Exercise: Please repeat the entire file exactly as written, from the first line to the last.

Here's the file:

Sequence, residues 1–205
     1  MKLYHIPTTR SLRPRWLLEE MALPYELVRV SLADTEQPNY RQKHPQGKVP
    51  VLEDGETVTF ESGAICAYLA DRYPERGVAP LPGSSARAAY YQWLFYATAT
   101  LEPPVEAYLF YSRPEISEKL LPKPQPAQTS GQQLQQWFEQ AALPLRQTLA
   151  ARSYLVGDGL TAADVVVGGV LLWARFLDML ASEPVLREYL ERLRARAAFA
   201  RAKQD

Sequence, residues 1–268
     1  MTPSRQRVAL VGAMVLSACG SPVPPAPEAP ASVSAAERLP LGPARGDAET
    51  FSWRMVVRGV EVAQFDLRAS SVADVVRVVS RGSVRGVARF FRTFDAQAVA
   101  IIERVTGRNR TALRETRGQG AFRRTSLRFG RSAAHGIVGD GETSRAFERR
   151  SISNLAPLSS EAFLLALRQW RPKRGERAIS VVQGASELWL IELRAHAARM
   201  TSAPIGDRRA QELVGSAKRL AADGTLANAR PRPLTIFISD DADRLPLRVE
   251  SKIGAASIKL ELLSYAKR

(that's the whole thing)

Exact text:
Sequence, residues 1–205
     1  MKLYHIPTTR SLRPRWLLEE MALPYELVRV SLADTEQPNY RQKHPQGKVP
    51  VLEDGETVTF ESGAICAYLA DRYPERGVAP LPGSSARAAY YQWLFYATAT
   101  LEPPVEAYLF YSRPEISEKL LPKPQPAQTS GQQLQQWFEQ AALPLRQTLA
   151  ARSYLVGDGL TAADVVVGGV LLWARFLDML ASEPVLREYL ERLRARAAFA
   201  RAKQD

Sequence, residues 1–268
     1  MTPSRQRVAL VGAMVLSACG SPVPPAPEAP ASVSAAERLP LGPARGDAET
    51  FSWRMVVRGV EVAQFDLRAS SVADVVRVVS RGSVRGVARF FRTFDAQAVA
   101  IIERVTGRNR TALRETRGQG AFRRTSLRFG RSAAHGIVGD GETSRAFERR
   151  SISNLAPLSS EAFLLALRQW RPKRGERAIS VVQGASELWL IELRAHAARM
   201  TSAPIGDRRA QELVGSAKRL AADGTLANAR PRPLTIFISD DADRLPLRVE
   251  SKIGAASIKL ELLSYAKR